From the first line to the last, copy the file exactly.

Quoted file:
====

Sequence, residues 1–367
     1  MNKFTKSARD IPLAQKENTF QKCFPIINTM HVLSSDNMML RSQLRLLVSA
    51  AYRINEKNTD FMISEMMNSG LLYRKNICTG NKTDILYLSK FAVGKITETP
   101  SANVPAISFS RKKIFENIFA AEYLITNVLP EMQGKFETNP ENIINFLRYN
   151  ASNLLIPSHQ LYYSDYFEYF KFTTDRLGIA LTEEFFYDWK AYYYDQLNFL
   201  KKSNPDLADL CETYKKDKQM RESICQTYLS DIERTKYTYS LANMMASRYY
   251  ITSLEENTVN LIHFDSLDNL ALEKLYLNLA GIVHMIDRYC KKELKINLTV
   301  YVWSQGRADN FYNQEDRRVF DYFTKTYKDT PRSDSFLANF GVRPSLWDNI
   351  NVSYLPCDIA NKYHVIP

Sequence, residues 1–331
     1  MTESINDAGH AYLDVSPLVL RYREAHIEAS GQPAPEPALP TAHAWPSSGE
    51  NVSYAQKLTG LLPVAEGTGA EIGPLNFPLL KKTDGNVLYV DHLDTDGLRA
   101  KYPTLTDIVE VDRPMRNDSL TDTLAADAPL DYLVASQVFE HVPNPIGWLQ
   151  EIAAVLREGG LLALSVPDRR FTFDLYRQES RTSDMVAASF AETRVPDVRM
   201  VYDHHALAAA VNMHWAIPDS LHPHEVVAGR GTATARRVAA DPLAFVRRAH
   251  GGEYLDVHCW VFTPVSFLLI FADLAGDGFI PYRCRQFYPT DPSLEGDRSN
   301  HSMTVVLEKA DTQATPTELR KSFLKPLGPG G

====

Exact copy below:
Sequence, residues 1–367
     1  MNKFTKSARD IPLAQKENTF QKCFPIINTM HVLSSDNMML RSQLRLLVSA
    51  AYRINEKNTD FMISEMMNSG LLYRKNICTG NKTDILYLSK FAVGKITETP
   101  SANVPAISFS RKKIFENIFA AEYLITNVLP EMQGKFETNP ENIINFLRYN
   151  ASNLLIPSHQ LYYSDYFEYF KFTTDRLGIA LTEEFFYDWK AYYYDQLNFL
   201  KKSNPDLADL CETYKKDKQM RESICQTYLS DIERTKYTYS LANMMASRYY
   251  ITSLEENTVN LIHFDSLDNL ALEKLYLNLA GIVHMIDRYC KKELKINLTV
   301  YVWSQGRADN FYNQEDRRVF DYFTKTYKDT PRSDSFLANF GVRPSLWDNI
   351  NVSYLPCDIA NKYHVIP

Sequence, residues 1–331
     1  MTESINDAGH AYLDVSPLVL RYREAHIEAS GQPAPEPALP TAHAWPSSGE
    51  NVSYAQKLTG LLPVAEGTGA EIGPLNFPLL KKTDGNVLYV DHLDTDGLRA
   101  KYPTLTDIVE VDRPMRNDSL TDTLAADAPL DYLVASQVFE HVPNPIGWLQ
   151  EIAAVLREGG LLALSVPDRR FTFDLYRQES RTSDMVAASF AETRVPDVRM
   201  VYDHHALAAA VNMHWAIPDS LHPHEVVAGR GTATARRVAA DPLAFVRRAH
   251  GGEYLDVHCW VFTPVSFLLI FADLAGDGFI PYRCRQFYPT DPSLEGDRSN
   301  HSMTVVLEKA DTQATPTELR KSFLKPLGPG G